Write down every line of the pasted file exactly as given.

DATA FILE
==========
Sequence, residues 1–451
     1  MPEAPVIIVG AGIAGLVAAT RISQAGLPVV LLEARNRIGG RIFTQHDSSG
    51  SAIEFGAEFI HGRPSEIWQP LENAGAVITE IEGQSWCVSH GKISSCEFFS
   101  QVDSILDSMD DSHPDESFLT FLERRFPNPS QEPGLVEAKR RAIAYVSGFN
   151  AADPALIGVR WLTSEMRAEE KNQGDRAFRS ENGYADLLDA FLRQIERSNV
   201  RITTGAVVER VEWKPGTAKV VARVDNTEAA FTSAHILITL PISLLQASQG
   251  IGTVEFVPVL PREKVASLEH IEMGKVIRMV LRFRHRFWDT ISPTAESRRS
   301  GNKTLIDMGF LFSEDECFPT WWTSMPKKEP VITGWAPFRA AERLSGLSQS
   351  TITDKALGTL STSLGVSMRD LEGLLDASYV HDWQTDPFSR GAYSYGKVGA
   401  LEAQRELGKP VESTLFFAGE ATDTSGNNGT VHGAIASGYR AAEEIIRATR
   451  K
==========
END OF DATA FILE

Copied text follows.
Sequence, residues 1–451
     1  MPEAPVIIVG AGIAGLVAAT RISQAGLPVV LLEARNRIGG RIFTQHDSSG
    51  SAIEFGAEFI HGRPSEIWQP LENAGAVITE IEGQSWCVSH GKISSCEFFS
   101  QVDSILDSMD DSHPDESFLT FLERRFPNPS QEPGLVEAKR RAIAYVSGFN
   151  AADPALIGVR WLTSEMRAEE KNQGDRAFRS ENGYADLLDA FLRQIERSNV
   201  RITTGAVVER VEWKPGTAKV VARVDNTEAA FTSAHILITL PISLLQASQG
   251  IGTVEFVPVL PREKVASLEH IEMGKVIRMV LRFRHRFWDT ISPTAESRRS
   301  GNKTLIDMGF LFSEDECFPT WWTSMPKKEP VITGWAPFRA AERLSGLSQS
   351  TITDKALGTL STSLGVSMRD LEGLLDASYV HDWQTDPFSR GAYSYGKVGA
   401  LEAQRELGKP VESTLFFAGE ATDTSGNNGT VHGAIASGYR AAEEIIRATR
   451  K